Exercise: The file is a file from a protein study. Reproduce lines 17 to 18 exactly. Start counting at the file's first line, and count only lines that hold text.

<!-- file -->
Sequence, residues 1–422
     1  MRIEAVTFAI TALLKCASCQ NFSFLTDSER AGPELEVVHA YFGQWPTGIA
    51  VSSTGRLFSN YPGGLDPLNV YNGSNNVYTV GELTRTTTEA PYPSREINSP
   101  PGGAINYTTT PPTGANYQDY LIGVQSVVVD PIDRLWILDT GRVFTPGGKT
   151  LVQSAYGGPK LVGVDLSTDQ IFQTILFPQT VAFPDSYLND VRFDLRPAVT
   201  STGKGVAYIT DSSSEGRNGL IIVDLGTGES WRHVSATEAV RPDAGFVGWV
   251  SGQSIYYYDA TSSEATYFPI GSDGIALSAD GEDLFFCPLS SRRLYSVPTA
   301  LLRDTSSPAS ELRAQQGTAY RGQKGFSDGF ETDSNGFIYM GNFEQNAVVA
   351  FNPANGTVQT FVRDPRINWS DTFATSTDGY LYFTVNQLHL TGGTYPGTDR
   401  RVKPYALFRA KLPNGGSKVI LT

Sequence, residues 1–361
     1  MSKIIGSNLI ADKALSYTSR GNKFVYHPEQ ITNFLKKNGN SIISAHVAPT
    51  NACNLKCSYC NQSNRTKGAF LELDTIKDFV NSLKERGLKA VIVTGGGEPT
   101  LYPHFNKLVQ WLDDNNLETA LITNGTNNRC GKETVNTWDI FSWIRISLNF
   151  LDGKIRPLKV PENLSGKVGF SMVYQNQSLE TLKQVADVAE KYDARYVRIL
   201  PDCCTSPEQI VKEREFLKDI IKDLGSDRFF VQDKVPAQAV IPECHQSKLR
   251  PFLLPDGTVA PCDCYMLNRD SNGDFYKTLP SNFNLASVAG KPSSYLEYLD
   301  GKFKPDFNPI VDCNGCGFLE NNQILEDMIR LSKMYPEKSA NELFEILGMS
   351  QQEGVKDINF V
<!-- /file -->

   251  PFLLPDGTVA PCDCYMLNRD SNGDFYKTLP SNFNLASVAG KPSSYLEYLD
   301  GKFKPDFNPI VDCNGCGFLE NNQILEDMIR LSKMYPEKSA NELFEILGMS